There is much more:

A glance at foreign-policy leaders since World War II will reveal the domination of the banker elite. Truman’s first secretary of defense was James V. Forrestal, former president of the investment banking firm of Dillon, Read & Co., closely allied to the Rockefeller financial group. Forrestal had also been a board member of the Chase Securities Corporation, an affiliate of the Chase National Bank.

Another Truman defense secretary was Robert A. Lovett, a partner of the powerful New York investment banking house of Brown Brothers Harriman. At the same time that he was secretary of defense, Lovert continued to be a trustee of the Rockefeller Foundation. Secretary of the Air Force Thomas K. Finletter was a top Wall Street corporate lawyer and member of the board of the CFR while serving in the cabinet. Ambassador to Soviet Russia, ambassador to Great Britain, and secretary of commerce in the Truman administration was the powerful multimillionaire W. Averell Harriman, an often-underrated but dominant force with the Democratic Party since the days of FDR. Harriman was a partner of Brown Brothers Harriman.

Also ambassador to Great Britain under Truman was Lewis W. Douglas, brother-in-law of John J. McCloy, a trustee of the Rockefeller Foundation, and a board member of the Council on Foreign Relations. Following Douglas as ambassador to the Court of St. James was Walter S. Gifford, chairman of the board of AT&T, and member of the board of trustees of the Rockefeller Foundation for almost two decades. Ambassador to NATO under Truman was William H. Draper Jr., vice president of Dillon, Read & Co.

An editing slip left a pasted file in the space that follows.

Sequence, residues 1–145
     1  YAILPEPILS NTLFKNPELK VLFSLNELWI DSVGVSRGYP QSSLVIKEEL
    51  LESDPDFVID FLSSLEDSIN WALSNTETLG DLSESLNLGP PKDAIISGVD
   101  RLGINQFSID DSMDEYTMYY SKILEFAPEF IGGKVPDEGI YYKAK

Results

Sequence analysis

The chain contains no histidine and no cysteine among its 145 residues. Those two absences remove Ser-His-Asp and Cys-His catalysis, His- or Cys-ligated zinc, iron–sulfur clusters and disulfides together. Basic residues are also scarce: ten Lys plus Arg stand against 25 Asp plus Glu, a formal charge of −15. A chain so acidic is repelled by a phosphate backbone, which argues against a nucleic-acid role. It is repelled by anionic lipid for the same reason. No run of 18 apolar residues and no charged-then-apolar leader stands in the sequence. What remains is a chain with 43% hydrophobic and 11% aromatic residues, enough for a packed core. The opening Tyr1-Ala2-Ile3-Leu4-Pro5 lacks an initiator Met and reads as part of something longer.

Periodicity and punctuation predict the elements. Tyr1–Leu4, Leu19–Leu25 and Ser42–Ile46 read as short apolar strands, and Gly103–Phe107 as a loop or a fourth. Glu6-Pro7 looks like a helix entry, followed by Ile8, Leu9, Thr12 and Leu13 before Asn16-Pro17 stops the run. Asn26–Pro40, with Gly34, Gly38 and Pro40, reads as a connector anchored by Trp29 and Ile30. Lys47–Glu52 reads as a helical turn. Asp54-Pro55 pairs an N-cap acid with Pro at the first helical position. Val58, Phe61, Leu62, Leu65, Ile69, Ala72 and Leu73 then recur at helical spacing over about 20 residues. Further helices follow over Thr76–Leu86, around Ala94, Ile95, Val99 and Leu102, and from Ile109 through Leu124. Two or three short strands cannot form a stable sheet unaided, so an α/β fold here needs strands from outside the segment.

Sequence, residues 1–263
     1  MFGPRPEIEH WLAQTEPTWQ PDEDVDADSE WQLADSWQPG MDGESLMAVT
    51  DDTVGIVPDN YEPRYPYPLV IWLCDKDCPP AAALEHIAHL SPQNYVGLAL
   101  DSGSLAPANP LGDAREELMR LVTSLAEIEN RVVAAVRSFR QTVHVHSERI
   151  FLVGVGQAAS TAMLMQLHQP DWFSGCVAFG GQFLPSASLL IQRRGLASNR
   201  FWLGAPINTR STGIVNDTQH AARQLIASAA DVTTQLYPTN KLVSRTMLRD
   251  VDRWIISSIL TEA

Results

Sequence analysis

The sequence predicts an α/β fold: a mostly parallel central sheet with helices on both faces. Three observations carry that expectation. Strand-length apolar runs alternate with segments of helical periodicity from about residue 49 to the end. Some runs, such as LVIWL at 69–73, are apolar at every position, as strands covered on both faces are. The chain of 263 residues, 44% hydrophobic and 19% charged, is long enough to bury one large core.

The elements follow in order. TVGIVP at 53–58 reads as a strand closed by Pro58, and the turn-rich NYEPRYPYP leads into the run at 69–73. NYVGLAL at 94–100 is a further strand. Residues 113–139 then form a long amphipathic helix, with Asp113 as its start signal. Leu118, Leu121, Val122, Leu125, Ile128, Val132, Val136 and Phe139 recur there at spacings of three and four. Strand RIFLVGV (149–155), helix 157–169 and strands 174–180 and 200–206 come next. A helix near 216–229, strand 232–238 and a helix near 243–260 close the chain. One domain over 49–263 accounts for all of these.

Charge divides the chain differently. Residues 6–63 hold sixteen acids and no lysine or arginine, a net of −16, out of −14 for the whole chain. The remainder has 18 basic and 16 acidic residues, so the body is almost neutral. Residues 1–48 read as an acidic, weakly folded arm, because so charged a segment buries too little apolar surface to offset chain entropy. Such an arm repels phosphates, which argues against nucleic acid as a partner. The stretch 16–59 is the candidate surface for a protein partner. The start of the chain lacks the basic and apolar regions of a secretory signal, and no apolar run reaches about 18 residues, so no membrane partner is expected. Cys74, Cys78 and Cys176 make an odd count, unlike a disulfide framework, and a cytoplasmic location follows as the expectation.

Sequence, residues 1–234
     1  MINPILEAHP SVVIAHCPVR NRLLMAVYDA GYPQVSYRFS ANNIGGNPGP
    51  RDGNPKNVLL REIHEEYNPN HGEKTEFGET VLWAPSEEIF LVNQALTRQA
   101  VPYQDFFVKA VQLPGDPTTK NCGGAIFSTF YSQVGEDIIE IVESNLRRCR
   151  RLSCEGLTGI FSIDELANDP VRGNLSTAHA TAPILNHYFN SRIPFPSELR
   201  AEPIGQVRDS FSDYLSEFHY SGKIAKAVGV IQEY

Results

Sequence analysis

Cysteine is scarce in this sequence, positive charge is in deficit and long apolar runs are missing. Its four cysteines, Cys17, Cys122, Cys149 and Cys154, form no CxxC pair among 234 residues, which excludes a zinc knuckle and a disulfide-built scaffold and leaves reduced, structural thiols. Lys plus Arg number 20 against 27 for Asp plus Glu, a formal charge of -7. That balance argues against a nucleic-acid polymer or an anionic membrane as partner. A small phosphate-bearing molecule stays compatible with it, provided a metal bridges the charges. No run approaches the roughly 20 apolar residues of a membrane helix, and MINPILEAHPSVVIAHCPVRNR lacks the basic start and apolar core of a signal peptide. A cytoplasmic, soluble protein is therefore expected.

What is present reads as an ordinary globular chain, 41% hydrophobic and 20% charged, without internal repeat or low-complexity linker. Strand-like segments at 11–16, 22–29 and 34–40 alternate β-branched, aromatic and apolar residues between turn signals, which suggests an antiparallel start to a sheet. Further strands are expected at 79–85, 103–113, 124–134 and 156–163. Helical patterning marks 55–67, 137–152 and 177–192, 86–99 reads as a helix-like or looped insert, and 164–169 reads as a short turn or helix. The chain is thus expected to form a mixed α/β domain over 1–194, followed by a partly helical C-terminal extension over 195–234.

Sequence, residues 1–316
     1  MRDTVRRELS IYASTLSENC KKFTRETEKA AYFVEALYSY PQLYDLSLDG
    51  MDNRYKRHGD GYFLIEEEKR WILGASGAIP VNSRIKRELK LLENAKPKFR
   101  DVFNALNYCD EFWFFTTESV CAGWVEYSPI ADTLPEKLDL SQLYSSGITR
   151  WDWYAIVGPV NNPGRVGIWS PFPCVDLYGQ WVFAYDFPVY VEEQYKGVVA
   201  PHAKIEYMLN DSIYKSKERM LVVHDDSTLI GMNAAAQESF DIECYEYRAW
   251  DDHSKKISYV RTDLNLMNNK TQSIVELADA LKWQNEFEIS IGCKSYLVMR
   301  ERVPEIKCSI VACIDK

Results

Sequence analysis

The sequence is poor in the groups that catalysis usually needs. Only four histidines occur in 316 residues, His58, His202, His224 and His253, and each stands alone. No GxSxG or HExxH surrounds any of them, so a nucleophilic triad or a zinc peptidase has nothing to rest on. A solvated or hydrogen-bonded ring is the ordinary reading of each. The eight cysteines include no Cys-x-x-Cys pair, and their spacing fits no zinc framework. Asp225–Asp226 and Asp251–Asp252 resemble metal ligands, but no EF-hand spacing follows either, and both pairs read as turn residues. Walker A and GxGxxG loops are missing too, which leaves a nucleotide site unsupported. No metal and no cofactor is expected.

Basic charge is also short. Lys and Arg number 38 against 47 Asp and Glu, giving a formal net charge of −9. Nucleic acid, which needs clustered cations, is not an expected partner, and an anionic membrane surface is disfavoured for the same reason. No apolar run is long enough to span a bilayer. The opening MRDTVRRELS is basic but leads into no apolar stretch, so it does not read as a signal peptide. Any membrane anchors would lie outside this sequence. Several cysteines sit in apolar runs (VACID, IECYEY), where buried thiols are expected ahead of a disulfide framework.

Also influential in helping the Truman administration organize the Cold War was director of the policy-planning staff of the State Department, Paul H. Nitze. Nitze, whose wife was a member of the Pratt family, associated with the Rockefeller family since the origins of Standard Oil, had been vice president of Dillon, Read & Co.

When Truman entered the Korean War, he created an Office of Defense Mobilization to run the domestic economy during the war. The first director was Charles E. (“Electric Charlie”) Wilson, president of the Morgan-controlled General Electric Company, who also served as board member of the Morgans’ Guaranty Trust Company. His two most influential assistants were Sidney J. Weinberg, ubiquitous senior partner in the Wall Street investment-banking firm of Goldman Sachs & Co., and former general Lucius D. Clay, chairman of the board of Continental Can Co., and a director of the Lehman Corporation.

Thrilling stuff..

This is actually the story for most countries. The top policies are run by the nexus of government officials and elite corporates/bankers. It is just that in very few countries there is a Murray Rothbard who can write about these connections without any fear. More importantly find an audience.